But the Parable of the Salt implicitly and structurally tells us that in order to give something to the world, we must mix with the world. Salt has no value if it remains separated from food. It has to co-mingle with the food, to become part of the food itself. The task of the church is also that of knowing how to be in the world. And knowing how to be in the world means knowing how to be with others: understanding, dialoguing, and interacting with them. And above all, to know that if we give something to them, it is equally true that they also give something to us. The principle of reciprocity applies here. We improve them and they improve us. The fiction of a pure Adventism that a certain reading of The Great Controversy promotes is not only a psychological illusion but also a theological and prophetic aberration that Adventism needs to get rid of. Our presumed purity of Faith has no biblical foundation when it is promoted unilaterally. Faith is difficult precisely because it must be both pure and hybrid, coherent and corresponding, autonomous and relational, at the same time. To erase this tension is to deform Faith and make it domesticated, transforming it into an idol. The Parable of the Salt is in favor of the correspondence that abolishes the distance between us and the world and pushes us to know how to be in the world because others who are in the world are loved by God as much as we Adventists are. This is not an ecclesiocentric but a world-centered parable because it underlines the value of the world. It addresses the service and humility of a church that by remaining faithful to the world created, maintained, and loved by God, succeeds in its mission by becoming flexible, empathic, and relational.
But the tension between knowing how to differentiate oneself from the world and knowing how to mix with the world also finds an eschatological formulation. And this is given by the two types of eschatology that we find present in the Bible. Old Testament eschatology for instance, as in the whole Bible, has two versions: Apocalypticism and Messianism. “Apocalypticism,” or the apocalyptic worldview, is a distinctive combination of several core axioms, including a conviction in the imminent end of history related to the central act of “Judgment.” The first great explosion of Apocalypticism dates from the Hellenistic era and included the early Enochic literature. But the apocalyptic worldview, in reality, preceded this period. The major completed expression of it was already found in the biblical book of Daniel, and even before in the Prophets. All the Prophets built partial Apocalypsis through the categories of “the Day of the Lord,” “Judgment” or “God's Wrath.” That's the case for Isaiah's so-called “little apocalypse” (chapters 24-27).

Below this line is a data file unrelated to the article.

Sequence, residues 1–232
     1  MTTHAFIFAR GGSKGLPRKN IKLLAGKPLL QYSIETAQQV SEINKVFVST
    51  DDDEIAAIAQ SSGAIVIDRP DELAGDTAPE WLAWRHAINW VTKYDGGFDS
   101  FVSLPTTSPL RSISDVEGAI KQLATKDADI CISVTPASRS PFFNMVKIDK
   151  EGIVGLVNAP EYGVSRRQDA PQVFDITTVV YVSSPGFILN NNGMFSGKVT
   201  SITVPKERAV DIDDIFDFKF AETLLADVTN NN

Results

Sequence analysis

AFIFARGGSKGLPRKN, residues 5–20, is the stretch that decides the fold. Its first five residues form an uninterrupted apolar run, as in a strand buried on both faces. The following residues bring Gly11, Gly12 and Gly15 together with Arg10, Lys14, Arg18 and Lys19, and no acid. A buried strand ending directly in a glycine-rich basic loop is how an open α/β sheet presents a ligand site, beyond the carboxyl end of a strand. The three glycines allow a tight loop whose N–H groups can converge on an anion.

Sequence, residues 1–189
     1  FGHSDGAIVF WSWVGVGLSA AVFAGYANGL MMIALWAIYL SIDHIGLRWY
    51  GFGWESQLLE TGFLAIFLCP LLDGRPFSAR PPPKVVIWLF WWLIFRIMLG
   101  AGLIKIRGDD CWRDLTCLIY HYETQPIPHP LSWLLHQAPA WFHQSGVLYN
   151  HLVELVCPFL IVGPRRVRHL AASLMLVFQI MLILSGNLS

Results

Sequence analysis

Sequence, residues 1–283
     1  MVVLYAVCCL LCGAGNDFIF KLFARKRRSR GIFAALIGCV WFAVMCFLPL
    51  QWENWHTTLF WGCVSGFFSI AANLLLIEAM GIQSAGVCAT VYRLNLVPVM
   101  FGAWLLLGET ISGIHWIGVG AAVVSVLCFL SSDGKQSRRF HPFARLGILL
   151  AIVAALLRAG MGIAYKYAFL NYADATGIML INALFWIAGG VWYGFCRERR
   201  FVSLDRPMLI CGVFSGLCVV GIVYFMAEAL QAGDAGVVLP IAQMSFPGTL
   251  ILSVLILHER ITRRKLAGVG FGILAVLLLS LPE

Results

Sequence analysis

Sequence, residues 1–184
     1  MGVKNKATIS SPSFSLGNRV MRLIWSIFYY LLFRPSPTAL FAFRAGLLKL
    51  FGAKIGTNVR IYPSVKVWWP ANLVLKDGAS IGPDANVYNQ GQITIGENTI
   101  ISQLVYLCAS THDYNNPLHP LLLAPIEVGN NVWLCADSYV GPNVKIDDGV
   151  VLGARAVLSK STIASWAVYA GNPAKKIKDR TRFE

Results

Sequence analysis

“Messianism” instead represents the second way of understanding the future, which is not based in the category of “Judgment” but in the expectation for an end-time agent (Messiah) who plays a positive, redemptive role. Therefore, the main messianic categories are: “Fullness,” “Fulfilment,” and “Flourishing.” And it's important to note that the Messianic worldview doesn't start with Christianity. Messianism certainly explodes with Christianity because Christ is the long-awaited Messiah, but the messianic worldview is already present in all the prophets. And the most messianic of all Old Testament books is Isaiah (See Chapter 11:1-9).
Even though Apocalyptic and Messianic traces can be found well before Isaiah, it's only with the biblical prophets that Apocalypticism and Messianism are articulated for the first time in a coherent and complete way. But the explosion of Apocalypticism and Messianism in Hellenistic and Christian eras introduced an ambivalent situation. Both worldviews blossomed but at the same time tended to become unilateral and disconnected. Old Testament eschatology remains instead as a foundational paradigm, not only for its openness to the future but above all for its extraordinary capacity of maintaining the connection and balance between its two forms: Apocalypticism and Messianism. For this reason, no eschatology can be balanced if it unilaterally privileges one of them. And perhaps the best example of this Old Testament balance is given in Chapter 2 of Isaiah. There we find—together in the same chapter—a “messianic” description of eschatology (verses 1-5) and an “apocalyptic” version of it (verses 6-22). Both coexist side by side. And the New Testament will still wisely maintain this balance. The messianic aspect of Christianity is incarnated in the fourth gospel (Luke 4:16-21) and its apocalyptic dimension, not uniquely but mainly, is visible in the book of Revelation.
Adventism has always been and still predominantly is apocalyptic. Our “eschatological analphabetism” consists precisely in not having been able to make both adequately coexist. And the current reading of The Great Controversy has made the situation worse.
Emotional illiteracy does not mean not having feelings, but rather experiencing only one kind of feelings or overlooking feelings that connect us with others. Likewise, eschatological illiteracy does not mean being indifferent to the end times or the return of Christ but simply having perceptions that are one-sided and compact. Beliefs that fail to interact with the various components of the kingdom of God in the end-time experience.
The Adventist ethos—and particularly the eschatological Adventist ethos—has unfortunately learned to live and feed itself only with conviction, consistency, and militancy, without the ability to add flexibility, relationality, and dialogue. The result is an eschatology that is true but dangerous, relevant but one-sided, convinced but unwise. And without wisdom, the world does not improve. In subsequent articles, I will try to elaborate a more balanced cultural and theological reading of The Great Controversy that doesn’t represent an ideological apology of Adventism and an ungenerous criticism of those who are not Adventists.
Hanz Gutierrez is a Peruvian theologian, philosopher, and physician. Currently, he is Chair of the Systematic Theology Department at the Italian Adventist Theological Faculty of “Villa Aurora” and director of the CECSUR (Cultural Center for Human and Religious Sciences) in Florence, Italy.
Previous Spectrum columns by Hanz Gutierrez can be found by clicking here.
Image Credit: Rich Hannon, Spectrum Magazine